Survival in the Killing fields
A Cambodian citizen under Pol Pot's communist regime
This is the closest picture to hell I have ever read or heard about. This cambodian civil war (war between fellow-citizens) is nothing short of the ideal governance of a country by Satan himself. The amazing thing about this book is actually not the story itself but the fact that it is so well narrated by an eyewitness civilian, who besides, survives three episodes of torture among many other miseries. It is so naturally and realistically told that it provokes vivid impressions on the reader.
I would like to discourage the view of the film "The killing Fields" as it's nothing close to the voice heard in this book and the facts narrated in it. The movie, more than tedious and flawed, is a poor contribution to the book. Political propaganda, anti-American resentment, and other hatred-filled reasons. The movie's authors -in my opinion- have insulted Haing Ngor by telling a completely different story and shifting the story's hero to the Washington Post correspondent. Nauseating!
I'd like to comment on 3 lines of thought that the reading of this great book left on me.
First (as you'll see in the quotes below) is the much-talked about role of intellectuals in society.
Second, the ascetism of dictatorial leaders (communists or any other breed) that is well studied in 'The Revolutionary Ascetic' by Bruce Mazlish.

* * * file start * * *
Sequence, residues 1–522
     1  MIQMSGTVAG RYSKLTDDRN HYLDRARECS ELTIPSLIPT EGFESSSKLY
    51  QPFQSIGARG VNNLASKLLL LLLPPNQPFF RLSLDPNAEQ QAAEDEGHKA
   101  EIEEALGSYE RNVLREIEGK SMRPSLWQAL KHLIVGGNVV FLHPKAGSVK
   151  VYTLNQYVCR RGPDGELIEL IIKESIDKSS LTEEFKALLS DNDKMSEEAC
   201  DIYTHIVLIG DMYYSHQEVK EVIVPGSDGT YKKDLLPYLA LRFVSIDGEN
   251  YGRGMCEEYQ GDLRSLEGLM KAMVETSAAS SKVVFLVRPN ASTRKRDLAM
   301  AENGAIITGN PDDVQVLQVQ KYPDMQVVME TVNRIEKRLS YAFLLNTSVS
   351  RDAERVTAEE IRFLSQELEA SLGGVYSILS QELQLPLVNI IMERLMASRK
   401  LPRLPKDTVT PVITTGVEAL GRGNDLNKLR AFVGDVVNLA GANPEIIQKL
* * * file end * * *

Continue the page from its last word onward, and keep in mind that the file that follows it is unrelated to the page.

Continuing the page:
And third: A final and personal thought on the condition of human orphanage when separated from God.
Interested at the beginning of the book in finding out how a victim and eye-witness like Haing would discribe this war, I found myself with a more down to earth picture, void of politics and cynicism: the portrait of the human soul.
"What amazed me most about Chea Huon was the change in his character. He was the first intellectual I had ever known. He was very smart. But if he was smart he couldn't possibly believe what he was saying to us now, in the dam dedication ceremony. [...] A story arose that Chea Huon left for the Thai border with his jeep and his bodyguards and bags of dollars and gold. I don't know if it was true, but it is possible."
"Earlier on in the regime, couples who wanted to get married had to get permission from their village chiefs. (...) In prison I had seen lines of women being led away for breaking Angka's puritanical rules of behaviour."
"But the Vietnamese went from one of us to the next, pointing their weapons and asking through interpreters whether we were Khmer Rouge. (...) I thought: Well, it's happening again. They say they are liberating us but they have tied us up. Just like the Khmer Rouge."